Public Affairs Broadcast Specialist Sergeant King

2010 - EPISODE 8:

26 obstacles spread over 2,000 meters make this one of the most difficult obstacle courses known to man.

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2010 - EPISODE 8:

26 obstacles spread over 2,000 meters make this one of the most difficult obstacle courses known to man.

Yesterday, Team 21 Sergeants First Class Malchow and Collins, set the standard at Krilling Range on the second stress shoot of the competition. At sunset, the remaining 26 Ranger teams prepare to set out on the night orienteering course, knowing that daybreak would bring them face to face with the Darby Queen.
Day 3. Camp Darby: the finish line to the night orienteering event. It’s dawn and after 12 hours under a 75-pound pack in search of 25 weigh points on a map and nearly 34 miles on their feet, the Ranger teams arrive at Camp Darby.
Sergeant Major E. Solderholm: We’ll see how our points stack up against the first-place team. Hopefully, we got 'em. I don’t know though, they’re pretty tough.
Team 6, still in first place, is anxious to power through the final day.
MSG Eric Turk: One more event down, bring on the Darby Queen.
This is considered one of the most difficult obstacle courses in the U.S. military. It is one mile long and has 26 obstacles with names like “The Tough One,” “The Weaver,” and “The Dirty Name.” The task, conditions and standards for the Darby Queen are as follows: The Ranger buddy teams must stay together at all times. They must clear each obstacle together. If they do not complete an obstacle, a six-minute penalty will be added to their total time. The fastest time wins.
Sergeant First Class Chad Stackpole: Team 17 is getting ready to execute the course here. They’re one of the teams that I’ve trained throughout this year’s competition. They are currently in 15th place after last night’s orienteering. Right now they’re basically, they’re not so much in survival mode, they can make up a couple spots here. If they could go ahead and maintain on the obstacles and execute every one of them without having any deficiencies. A lot of these teams are coming through here and after walking all night aren’t gonna have any energy and they’re pulling off 30-minute times on the Darby Queen. If these guys are anywhere below the 25-, 26-minute mark, respectably, they’ll do pretty well against the field based off how everyone feels right now.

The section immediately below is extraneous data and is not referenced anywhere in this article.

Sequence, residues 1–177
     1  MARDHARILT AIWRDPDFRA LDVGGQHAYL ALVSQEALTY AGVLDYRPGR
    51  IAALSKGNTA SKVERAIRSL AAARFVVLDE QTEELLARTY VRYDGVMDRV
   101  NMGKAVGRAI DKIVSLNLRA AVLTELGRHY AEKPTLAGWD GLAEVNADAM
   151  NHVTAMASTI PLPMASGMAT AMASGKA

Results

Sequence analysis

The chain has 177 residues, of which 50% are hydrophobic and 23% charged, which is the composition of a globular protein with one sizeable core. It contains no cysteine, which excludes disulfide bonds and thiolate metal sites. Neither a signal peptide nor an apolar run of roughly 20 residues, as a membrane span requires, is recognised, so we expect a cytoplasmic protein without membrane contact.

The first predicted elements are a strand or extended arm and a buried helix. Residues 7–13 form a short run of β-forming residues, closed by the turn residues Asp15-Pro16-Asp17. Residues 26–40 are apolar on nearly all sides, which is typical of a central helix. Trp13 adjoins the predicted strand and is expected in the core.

Sergeant First Class James Anderson: Twenty-seven years this has been going on, you know it’s a small amount of people that finish and to be one of those people it’s…you can’t get anything better than that. Being a Ranger is just, as a whole, it’s a mindset. In Ranger school, you learn about yourself and you learn about how you can overcome being tired and being hungry and still complete a mission. Living the Ranger creed, by living that every day, you know when you’re out doing your job that you can go further and faster. Wearing a Ranger tab and being a Ranger and living it is, you never quit. You just go until the mission is complete.
Stackpole: It’s something to come in here and to fall and take an injury like that, he’s not gonna let it bother him. He knows right now it’s nothing more than a gut check. Being a Ranger, just, never quit. Never give up and continue to drive.
Anderson: You gotta do what you gotta do to finish with the mission.
The final three teams are on course. Team 7, Sergeants Major Moran and Solderholm are in third place with only four events to make a move on the leaders, they are in it to win it. Sergeant Major Moran, the 1999 winner of the Best Ranger, knows it will take everything they have to pull it off.
Sergeant Major James Moran: Fourth place in the Queen, that’s not bad for a couple old Sergeant Majors. We’ve got the swim next, cool us down a little bit.
Team 5, Master Sergeant Quaint and Staff Sergeant Sanke, in second place, have been at the heels of the leaders since the start of the competition 51 hours ago. With 26 obstacles and a mile of hills ahead of them, they’re reaching deep for whatever it will take to overcome Team 6. Master Sergeants Turk and Ross understand that until you cross the final finish line, eight hours from now, nothing is given or guaranteed. At any time, you can twist an ankle, submit to the heat or succumb to the relentless pace. Turk and Ross are turning in a blistering time on the Darby Queen, posting the second fastest time behind Team 21, Malchow and Collins. Team 6 is able to hold off the other teams for now.
Up next, with all your equipment jump from a Blackhawk: the Helocast.
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